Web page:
Scoop Review of Books

Massey Scholars Shed Light on Robin Hyde

Media Release
A just-launched book of critical essays on Robin Hyde, author of the renowned novel The Godwits Fly and a prolific poet, political columnist, travel writer and war correspondent, reflects growing interest in a remarkable writer overlooked in her own lifetime, says its editor Dr Mary Paul.

Titled Lighted Windows, the collection of 12 essays by New Zealand and overseas literary scholars is the first book of critical essays on Hyde, who committed suicide in 1939 aged 33.

Dr Paul, English programme coordinator at Massey’s School of Social and Cultural Studies in Auckland, argues in her introduction that Hyde’s “influential contemporaries were blind to the scope and variety of Hyde’s work and its mature development” because “it would have interrupted their version of a national literature”.

Hyde is described in the book as having had the most significant output of any New Zealand writer during the 1930s, yet was regarded as of minor interest for many decades after her death. The book extends and complements the reassessment of Hyde that has been taking place more recently Dr Paul says, particularly the Marsden-funded project she helped to initiate in 1999.

Named after an unpublished short story of the same title by Hyde, the collection (published by Otago University Press) brings new insights and understandings of Hyde’s fiction, poetry and life stories as well as her travel writing and journalism. It ends with a discussion of Hyde’s internationalist outlook and her visions for the future expressed in Dragon Rampant, her last book based on her travels in China in 1938 during the Sino-Japanese war.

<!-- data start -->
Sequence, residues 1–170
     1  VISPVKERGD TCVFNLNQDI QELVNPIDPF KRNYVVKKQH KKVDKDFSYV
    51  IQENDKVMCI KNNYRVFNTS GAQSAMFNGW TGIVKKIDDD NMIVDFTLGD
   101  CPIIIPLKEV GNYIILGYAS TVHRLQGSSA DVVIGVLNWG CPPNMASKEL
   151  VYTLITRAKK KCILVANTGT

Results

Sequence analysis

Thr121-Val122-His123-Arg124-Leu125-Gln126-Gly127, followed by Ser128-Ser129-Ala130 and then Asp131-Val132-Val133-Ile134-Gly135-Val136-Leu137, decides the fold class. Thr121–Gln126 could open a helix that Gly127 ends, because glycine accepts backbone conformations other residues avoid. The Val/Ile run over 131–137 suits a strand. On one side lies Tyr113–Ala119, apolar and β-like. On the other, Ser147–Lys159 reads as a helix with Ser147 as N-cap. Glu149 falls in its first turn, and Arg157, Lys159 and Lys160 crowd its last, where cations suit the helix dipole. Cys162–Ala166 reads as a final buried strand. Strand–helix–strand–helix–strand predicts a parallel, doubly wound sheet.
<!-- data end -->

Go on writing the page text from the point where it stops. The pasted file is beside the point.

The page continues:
Several essays deal with the fantasy novel in which “Hyde’s early twentieth-century challenge to contemporary Anglophile and conformist ideas of family and society is enacted in the extraordinary island society she creates in Wednesday’s Children,” writes Dr Paul.

Contributors include Palmerston North-based Massey journalism lecturer Dr Nikki Hessell, who focuses on Hyde’s parliamentary writings in her essay Novitia the Anti-Novice: Robin Hyde’s Parliamentary Reports. Examining her “Peeps at Parliament” columns, Dr Hessell’s essay highlights what an intelligent, humorous, perspicacious writer the then Iris Wilkinson was, even at nineteen years old, says Dr Paul.

Dr Hessell says Hyde, a budding feminist who was obliged to report from the Lady’s Gallery, would not have been impressed by much of today’s press gallery reporting and believes there is much contemporary journalists can learn from her insights and style.

Hyde, born Iris Wilkinson in 1906, renamed herself after her first son who died at birth when Hyde was 20 years old.

Dr Paul wrote about Hyde in her previous book, Her Side of the Story, which focused on the work of three women writers. She was jointly awarded a Marsden Research Fund grant with poet and academic Michelle Leggott, and Dr Pat Sandbrook, a Palmerston North-based Massey administrator who wrote a doctoral thesis on Hyde and edited and wrote the introduction for the latest edition of The Godwits Fly. The project has encompassed the production of a biography, The Book of Iris, written by Hyde’s second son Derek Challis and poet Gloria Rawlinson (2002), and new edition of poems, Young Knowledge (2003), edited by Michelle Leggott, as well as research into the autobiographical writings. Dr Paul is presently preparing the autobiographical writings for publication.